Measuring Customer Happiness at Buffer: October 2012

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positive feedback“Happy customers who get their issue resolved tell 4 to 6 people about their experience.” ~ White House Office

Welcome to our very first Happiness Report.

I’m really excited to share for the first time our experiences of delivering happiness to our awesome customers here at Buffer. Each month we will talk about things we have learned, look at our analytics and introduce new ideas for increasing happiness we will be testing over the next month.

Our philosophy for bringing happiness to our users

The culture we’re building at Buffer is one where customer support stands shoulder-to-shoulder with product development, with each aspect of the business having equal focus. It’s something Joel has referred to as the happiness advantage.

While Tom and the product team work hard to drive growth, it falls to everyone on the team to chip in and answer emails and tweets. With shared responsibility for customer happiness, we each do all we can to delight.

The road to supporting awesome Buffer customers so far

At the start of the year we worked from oldest email first, trying not to keep anyone waiting longer than possible. Looking back it’s easy to see this led to everyone waiting longer than necessary, and without a WOW in sight.

After a few months we switched on Help Scout (an awesome tool that helps us deliver our happiness efforts) reports and could begin to measure the number of emails we received each day, as well as how many we had replied to in less than one hour, 1-3 hours, 3-6 hours and so on. Armed with this information, we could now monitor our performance and set goals.

Looking back to January and 100,000 customers, here are some of the key insights:

  • 21% of emails sent to Buffer received a reply within the first hour.
  • More than 50% waited more than 6 hours to hear back from us.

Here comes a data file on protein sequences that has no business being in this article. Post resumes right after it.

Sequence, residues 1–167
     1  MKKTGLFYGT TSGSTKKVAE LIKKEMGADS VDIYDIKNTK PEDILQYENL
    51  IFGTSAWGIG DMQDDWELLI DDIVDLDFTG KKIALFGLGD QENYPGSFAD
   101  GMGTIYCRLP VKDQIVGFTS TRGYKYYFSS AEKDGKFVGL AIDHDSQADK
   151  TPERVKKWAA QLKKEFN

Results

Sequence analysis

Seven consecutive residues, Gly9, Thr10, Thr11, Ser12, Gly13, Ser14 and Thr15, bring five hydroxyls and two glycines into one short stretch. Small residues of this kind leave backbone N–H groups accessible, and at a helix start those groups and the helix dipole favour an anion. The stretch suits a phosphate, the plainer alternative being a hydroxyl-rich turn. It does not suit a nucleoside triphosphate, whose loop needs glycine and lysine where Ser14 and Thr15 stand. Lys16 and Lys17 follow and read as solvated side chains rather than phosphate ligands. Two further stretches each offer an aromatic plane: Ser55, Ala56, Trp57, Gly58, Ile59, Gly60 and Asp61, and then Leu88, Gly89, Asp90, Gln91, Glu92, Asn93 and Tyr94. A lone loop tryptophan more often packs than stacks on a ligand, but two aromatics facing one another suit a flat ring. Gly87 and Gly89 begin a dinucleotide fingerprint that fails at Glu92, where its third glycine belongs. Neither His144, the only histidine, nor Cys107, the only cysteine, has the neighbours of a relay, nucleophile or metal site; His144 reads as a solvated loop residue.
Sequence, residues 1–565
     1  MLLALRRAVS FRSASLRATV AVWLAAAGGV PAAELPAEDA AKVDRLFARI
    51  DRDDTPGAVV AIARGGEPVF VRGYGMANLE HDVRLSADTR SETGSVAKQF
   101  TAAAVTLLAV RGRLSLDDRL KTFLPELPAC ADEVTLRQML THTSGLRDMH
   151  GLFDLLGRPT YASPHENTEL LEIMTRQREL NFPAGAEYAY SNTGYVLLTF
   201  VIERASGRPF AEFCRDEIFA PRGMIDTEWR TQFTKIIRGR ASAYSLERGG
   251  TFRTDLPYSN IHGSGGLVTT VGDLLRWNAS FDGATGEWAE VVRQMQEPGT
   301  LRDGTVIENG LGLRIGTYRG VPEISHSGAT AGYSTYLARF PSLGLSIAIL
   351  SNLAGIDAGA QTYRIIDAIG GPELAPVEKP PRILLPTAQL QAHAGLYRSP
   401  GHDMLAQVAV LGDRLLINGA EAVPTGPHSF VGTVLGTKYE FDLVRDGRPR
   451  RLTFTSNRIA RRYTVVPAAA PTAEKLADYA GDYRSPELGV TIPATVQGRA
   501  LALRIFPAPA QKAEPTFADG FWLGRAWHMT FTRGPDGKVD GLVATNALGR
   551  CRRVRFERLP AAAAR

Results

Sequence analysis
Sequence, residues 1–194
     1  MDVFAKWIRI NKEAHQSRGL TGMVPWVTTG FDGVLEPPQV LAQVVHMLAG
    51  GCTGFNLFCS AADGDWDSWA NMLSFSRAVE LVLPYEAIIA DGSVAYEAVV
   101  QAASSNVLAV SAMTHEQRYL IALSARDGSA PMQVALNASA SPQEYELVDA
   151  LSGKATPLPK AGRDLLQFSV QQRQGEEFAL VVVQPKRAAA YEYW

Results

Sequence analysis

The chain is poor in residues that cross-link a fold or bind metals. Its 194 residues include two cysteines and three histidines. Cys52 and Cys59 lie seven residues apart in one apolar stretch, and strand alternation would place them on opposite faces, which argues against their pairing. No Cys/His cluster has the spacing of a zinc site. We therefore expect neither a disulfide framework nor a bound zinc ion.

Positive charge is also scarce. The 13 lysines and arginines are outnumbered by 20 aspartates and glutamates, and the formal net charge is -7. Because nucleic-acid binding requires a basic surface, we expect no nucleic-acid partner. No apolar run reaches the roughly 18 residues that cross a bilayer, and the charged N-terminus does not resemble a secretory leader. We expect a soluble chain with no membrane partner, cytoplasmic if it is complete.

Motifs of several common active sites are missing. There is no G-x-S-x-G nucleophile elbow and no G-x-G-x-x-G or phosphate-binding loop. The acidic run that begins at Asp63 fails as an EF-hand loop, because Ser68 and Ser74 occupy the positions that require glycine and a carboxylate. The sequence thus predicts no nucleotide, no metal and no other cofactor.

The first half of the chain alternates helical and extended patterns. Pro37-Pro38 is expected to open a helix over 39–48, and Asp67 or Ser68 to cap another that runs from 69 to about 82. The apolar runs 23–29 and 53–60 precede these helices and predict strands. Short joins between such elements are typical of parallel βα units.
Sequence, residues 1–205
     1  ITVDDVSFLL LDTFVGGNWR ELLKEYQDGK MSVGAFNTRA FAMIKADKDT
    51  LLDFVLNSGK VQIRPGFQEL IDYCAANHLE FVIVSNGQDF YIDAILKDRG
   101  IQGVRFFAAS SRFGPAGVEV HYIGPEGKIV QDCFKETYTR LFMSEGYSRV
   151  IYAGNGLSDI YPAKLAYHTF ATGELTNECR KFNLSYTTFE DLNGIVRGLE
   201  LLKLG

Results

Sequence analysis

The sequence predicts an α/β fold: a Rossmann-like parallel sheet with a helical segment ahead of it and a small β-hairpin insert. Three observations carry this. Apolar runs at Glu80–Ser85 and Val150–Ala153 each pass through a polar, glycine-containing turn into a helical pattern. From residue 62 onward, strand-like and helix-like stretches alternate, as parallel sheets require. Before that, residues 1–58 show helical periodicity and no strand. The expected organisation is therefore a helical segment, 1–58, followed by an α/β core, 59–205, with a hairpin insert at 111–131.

• 23% of Buffer users had to wait more than a day! Ouch.

conversations january

response time january

Leo and I experimented with different approaches and different schedules through the summer. But as customer numbers grew we knew we needed to grow the team, and the lovely Carolyn joined us in September (more from Carolyn in our next report!). So far it’s making a world of difference, as we now have a lot more of the 24 hour day covered.

With a few extra tools to help with internal team communication and super fast responses – often within minutes – we try to do everything to now delight customers a lot more and hopefully deliver a little bit of WOW to their day.

How happy were Buffer customers in October?

Skipping forward to October and 400,000 customers, here are some of the most important stats:

Out of 3,597 email conversations, this was our response time:

  • 56% of all emails got a reply within one hour,
  • a further 16% within 1-3 hours
  • 5% waited more than one day.
  • overall: 81% of people who emailed Buffer during October received a reply within 6 hours.

conversations october

response time october

Over on Twitter we responded to around 4,500 mentions, doing our best to give super fast support, and gained an additional 8,000 new followers. Right now we’re looking for a tool which will expand our measurement of this channel but open APIs should allow us to explore deeper metrics over the coming months.

Interestingly Facebook is much less of a driver for inbound support, with only a small number of posts to our timeline each day. And with App.net only just getting started, we manage only a handful of daily mentions there too.

One of our biggest challenges moving forward, in addition to continuing to push for improvement across all inbound channels, is to whip our feedback forum into shape. It’s definitely high on our list to moderate and respond to the many feature requests building up there too.

How can we improve for November?

While I’m proud of the progress we’ve made so far, there’s still much more we can do. We’re working towards round-the-clock support and have a bunch of ideas in the works to keep boosting our ability to deliver Buffer happiness, and a little bit more WOW.

New ideas we’re going to be testing in November include:

    1. Real-time measurement of customer happiness by adding clickable smileys to our email signatures, capturing instant feedback.hively signature
    2. Follow those who mention us on Twitter, as a thank you for their engagement.